CHICAGO

Murderers Released: Illinois Prisoners Freed In Budget Shortfall

The Chicago Sun-Times reports Wednesday that 21 people convicted of murder or attempted murder were released from prison early, as part of a controversial secret policy aimed at cutting prison costs.

The policy, known as "MGT-Push" (for "meritorious good time"), was designed by the Illinois Department of Corrections to move prisoners with good behavior out of the system more quickly. But the secret program was revealed in December 2009, causing an uproar over drastically shortened prison terms for drunk driving, drug offenses and weapons violations. Gov. Pat Quinn canceled the program last week under heavy political fire, describing it as a "big mistake."

Now, though, it seems that inmates convicted for murders were also included in the program. From the Sun-Times story:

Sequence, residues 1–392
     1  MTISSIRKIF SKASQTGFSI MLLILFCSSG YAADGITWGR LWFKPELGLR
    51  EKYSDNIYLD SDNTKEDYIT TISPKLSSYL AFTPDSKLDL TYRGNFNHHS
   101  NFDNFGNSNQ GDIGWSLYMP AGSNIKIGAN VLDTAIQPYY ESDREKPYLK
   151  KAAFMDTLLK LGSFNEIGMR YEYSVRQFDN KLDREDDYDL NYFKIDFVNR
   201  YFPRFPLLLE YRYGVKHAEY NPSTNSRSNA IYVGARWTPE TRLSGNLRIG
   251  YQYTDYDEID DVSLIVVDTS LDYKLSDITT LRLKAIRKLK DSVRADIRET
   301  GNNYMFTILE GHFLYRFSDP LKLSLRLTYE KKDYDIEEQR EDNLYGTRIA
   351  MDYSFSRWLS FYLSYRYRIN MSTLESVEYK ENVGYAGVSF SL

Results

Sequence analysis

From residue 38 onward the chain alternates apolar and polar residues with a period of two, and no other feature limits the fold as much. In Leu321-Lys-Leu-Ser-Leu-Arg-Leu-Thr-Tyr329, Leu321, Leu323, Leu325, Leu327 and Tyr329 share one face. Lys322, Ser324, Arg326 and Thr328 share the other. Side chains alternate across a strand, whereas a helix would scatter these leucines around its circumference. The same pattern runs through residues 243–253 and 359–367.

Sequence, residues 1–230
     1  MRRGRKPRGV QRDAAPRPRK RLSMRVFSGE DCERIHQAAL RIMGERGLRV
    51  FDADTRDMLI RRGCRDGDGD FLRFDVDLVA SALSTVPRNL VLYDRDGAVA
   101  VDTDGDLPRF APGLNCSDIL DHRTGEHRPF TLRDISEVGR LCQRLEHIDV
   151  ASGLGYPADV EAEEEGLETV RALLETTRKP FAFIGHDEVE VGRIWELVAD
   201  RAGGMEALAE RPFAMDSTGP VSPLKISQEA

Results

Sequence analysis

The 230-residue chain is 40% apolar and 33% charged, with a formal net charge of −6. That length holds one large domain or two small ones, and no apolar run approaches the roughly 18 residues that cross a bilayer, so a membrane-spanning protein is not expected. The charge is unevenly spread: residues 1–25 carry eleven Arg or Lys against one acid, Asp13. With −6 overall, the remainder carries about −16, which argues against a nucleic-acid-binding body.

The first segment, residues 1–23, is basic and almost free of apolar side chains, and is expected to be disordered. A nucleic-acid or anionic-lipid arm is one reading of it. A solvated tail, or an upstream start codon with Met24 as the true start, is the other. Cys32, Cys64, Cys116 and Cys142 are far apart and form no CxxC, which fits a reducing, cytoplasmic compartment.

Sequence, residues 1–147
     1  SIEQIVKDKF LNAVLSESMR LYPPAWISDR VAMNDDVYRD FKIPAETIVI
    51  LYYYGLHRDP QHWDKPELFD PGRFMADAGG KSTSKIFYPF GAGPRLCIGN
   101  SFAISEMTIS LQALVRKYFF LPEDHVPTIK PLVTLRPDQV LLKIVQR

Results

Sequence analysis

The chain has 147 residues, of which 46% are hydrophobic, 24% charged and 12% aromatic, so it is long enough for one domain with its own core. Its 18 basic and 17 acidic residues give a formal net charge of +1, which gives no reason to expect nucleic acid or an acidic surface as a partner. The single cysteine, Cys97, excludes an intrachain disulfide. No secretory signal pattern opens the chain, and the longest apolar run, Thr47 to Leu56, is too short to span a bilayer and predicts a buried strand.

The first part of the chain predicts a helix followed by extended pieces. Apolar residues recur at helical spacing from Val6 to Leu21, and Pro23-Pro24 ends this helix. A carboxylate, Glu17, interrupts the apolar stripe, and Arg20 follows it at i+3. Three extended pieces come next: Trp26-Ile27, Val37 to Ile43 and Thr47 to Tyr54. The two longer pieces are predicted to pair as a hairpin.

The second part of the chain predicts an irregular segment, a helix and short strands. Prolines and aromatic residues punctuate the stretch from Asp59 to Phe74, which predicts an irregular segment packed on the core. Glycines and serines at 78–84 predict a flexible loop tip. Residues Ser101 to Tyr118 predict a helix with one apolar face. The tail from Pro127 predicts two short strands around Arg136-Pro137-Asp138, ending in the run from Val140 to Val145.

Michael Rodriguez, 36, was convicted of murder conspiracy. In 2007, Rodriguez was one of 31 Latin Kings gang members charged in connection with 22 killings in the Aurora area over the past two decades. He and three others were charged in Kane County with the 1990 murder of Albert Gonzalez, 18.

[...] All told, he spent less than half his sentence behind bars.

This news has already been leveraged against Quinn, the Democratic governor, who is facing a primary challenge from state Comptroller Dan Hynes on February 2nd. Hynes immediately released an ad skewering Quinn for his budgetary indiscretions, and calling the MGT-Push releases "an outrage."

Watch the ad: